Elizabeth A. Becker, Ph.D.
Dr. Becker is a behavioral neuroendocrinologist studying the neural and hormonal mechanisms of social behavior. Of particular interest, is how parental care impacts development of offspring brain and behavior. In addition, she is interested in aggression and territoriality. Her integrative research program combines techniques and theories from behavioral neuroscience, behavioral ecology and experimental psychology.
The Becker lab works with the monogamous and territorial California mouse (Peromyscus californicus), which is a model system for exploration of parental investment on offspring development. Both males and females of this species provide high levels of care that are necessary for offspring survival.
Dr. Becker received a B.A. in psychology and a B.M. in voice performance from Lawrence University. She received her Ph.D. in psychology at the University of Wisconsin-Madison working with Dr. Catherine Marler. Dr. Becker has lectured at Lawrence University and at the University of Wisconsin-Madison prior to joining the faculty at Saint Joseph University in 2012.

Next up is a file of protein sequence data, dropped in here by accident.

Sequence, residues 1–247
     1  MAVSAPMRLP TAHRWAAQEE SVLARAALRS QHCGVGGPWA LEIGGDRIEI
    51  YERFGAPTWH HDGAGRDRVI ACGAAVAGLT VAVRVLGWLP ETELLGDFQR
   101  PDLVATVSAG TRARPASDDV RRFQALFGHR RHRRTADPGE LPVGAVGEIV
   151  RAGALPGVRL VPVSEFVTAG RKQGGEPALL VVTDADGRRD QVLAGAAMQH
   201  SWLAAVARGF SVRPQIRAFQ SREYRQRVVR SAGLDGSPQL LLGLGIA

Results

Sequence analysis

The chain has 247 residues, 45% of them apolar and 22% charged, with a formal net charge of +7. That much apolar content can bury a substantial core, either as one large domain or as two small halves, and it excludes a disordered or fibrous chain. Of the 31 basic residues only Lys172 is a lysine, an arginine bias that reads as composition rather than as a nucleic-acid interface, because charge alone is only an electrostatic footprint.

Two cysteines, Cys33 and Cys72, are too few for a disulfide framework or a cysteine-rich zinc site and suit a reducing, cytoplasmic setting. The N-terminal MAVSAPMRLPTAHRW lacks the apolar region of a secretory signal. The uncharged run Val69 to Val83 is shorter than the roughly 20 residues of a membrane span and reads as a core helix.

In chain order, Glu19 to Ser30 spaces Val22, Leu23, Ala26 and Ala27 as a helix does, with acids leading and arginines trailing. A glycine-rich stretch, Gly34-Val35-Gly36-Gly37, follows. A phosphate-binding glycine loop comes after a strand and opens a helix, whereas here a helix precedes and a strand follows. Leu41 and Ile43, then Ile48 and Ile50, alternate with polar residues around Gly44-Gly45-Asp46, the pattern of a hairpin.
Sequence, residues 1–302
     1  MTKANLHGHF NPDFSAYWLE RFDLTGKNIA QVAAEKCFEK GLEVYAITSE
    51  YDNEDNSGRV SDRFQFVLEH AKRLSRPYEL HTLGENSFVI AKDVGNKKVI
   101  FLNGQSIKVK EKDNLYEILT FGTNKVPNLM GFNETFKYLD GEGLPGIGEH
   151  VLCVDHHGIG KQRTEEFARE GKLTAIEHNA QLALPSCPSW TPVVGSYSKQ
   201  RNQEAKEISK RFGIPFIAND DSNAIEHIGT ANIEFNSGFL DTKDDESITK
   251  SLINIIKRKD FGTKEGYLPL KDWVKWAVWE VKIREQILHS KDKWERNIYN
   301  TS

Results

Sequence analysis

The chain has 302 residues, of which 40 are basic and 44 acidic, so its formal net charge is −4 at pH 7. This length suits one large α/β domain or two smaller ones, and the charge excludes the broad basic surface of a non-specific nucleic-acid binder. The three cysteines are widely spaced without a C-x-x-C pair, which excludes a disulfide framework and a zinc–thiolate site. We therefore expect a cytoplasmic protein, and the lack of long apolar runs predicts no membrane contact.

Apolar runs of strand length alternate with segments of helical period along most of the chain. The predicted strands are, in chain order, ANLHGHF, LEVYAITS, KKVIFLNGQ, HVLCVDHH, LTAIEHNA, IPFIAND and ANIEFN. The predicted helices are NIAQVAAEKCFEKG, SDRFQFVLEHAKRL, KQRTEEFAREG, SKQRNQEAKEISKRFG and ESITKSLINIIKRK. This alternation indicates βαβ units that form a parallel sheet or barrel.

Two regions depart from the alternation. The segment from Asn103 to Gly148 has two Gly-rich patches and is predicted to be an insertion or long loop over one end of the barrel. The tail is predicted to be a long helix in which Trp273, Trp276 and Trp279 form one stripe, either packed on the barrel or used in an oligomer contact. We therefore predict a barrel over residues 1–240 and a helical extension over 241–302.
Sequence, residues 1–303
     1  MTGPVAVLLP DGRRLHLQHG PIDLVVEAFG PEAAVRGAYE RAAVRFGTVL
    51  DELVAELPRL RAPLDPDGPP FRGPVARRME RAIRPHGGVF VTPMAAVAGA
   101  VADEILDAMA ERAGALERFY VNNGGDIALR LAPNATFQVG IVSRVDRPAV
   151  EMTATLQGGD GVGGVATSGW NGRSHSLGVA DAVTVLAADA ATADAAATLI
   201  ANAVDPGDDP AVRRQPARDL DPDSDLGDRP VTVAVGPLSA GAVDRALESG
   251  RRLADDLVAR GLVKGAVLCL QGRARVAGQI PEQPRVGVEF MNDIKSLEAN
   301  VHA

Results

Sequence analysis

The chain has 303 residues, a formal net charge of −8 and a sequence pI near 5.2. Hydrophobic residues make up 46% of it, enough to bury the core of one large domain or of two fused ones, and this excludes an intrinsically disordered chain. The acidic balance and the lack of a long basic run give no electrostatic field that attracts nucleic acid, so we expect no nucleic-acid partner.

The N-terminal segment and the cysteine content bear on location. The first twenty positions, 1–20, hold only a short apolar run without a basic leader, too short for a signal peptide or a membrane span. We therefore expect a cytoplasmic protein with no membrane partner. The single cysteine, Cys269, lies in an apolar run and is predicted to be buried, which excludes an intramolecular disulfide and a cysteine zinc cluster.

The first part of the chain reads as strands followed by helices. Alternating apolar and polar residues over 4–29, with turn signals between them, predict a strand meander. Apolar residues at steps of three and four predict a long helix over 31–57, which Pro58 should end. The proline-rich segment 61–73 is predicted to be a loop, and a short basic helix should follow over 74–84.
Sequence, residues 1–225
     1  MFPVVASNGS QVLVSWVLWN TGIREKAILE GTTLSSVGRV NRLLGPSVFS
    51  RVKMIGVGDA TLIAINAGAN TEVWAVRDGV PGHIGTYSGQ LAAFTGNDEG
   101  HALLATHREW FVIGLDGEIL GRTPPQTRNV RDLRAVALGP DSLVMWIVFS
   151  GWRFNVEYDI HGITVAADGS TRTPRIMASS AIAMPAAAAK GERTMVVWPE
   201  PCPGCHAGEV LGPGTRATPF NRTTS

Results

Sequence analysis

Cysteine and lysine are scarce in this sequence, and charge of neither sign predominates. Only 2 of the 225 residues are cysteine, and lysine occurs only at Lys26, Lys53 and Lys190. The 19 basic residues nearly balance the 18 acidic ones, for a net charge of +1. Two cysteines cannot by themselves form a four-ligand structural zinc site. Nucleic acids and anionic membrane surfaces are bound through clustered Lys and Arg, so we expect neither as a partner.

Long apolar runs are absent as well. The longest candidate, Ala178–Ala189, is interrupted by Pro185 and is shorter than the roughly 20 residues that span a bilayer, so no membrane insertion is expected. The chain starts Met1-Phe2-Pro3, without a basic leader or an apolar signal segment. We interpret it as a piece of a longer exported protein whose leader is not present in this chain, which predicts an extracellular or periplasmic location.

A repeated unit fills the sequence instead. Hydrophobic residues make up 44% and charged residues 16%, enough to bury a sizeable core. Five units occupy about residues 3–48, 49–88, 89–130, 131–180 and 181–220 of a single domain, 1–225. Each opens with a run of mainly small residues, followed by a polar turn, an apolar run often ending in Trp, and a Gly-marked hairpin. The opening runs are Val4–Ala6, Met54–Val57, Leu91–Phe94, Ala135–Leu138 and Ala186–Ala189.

Bachelor of Arts, Lawrence University
Bachelor of Music, Lawrence University
PhD, University of Wisconsin, Madison
PSY 100 - Introductory Psychology
PSY 205 - Neuroscience Foundations
PSY 206 - Behavioral Neuroscience
PSY 340L-Behavioral Neuroscience Lab
PSY 210 - Research Methods
PSY 620 - Graduate Hormones, Brain and Behavior
PSY 621- Graduate Systems Neuroscience
Yohn, C.N., Leithead, A.B., and Becker, E.A. 2017. Increased vasopressin expression in the BNST accompanies paternally induced territoriality in male and female California mouse offspring. Hormones and Behavior. 93, 9-17.
Chary, M.C., Cruz, J.P., Bardi, M., and Becker, E.A. 2015. Paternal retrievals increase testosterone levels in both male and female California mouse (Peromyscus californicus) offspring. Hormones and Behavior. 73, 23-29.
Becker, E.A. and Marler, C.A. 2015. Postcontest blockade of dopamine receptors inhibits development of the winner effect in the California mouse (Peromyscus californicus). Behavioral Neuroscience, 129(20), 205-213.
Becker, E.A., Petruno, S. and Marler, C.A. 2012. A comparison of scent marking between a monogamous and promiscuous species of Peromyscus: pair bonded males do not advertise to novel females. PLoS one, 7,2.
Becker, E.A., Moore, B.M., Auger, C. and Marler, C.A. 2010. Paternal behavior increases testosterone levels in offspring of the California mouse. Hormones and Behavior, 58, 385-389.
Grants and Awards
2015-2016 Psi Chi Faculty Advisor Research Grant
2015-2016 Saint Joseph’s University Teaching Merit Award
2015-2016 Faculty for Undergraduate Neuroscience Equipment Loan Grant
2015-2016 Tom & Mary Gallagher Foundation Grant
2014-2015 Psi Chi Faculty Travel Grant
Mentioned in SJU News
Intellect, Spring 2014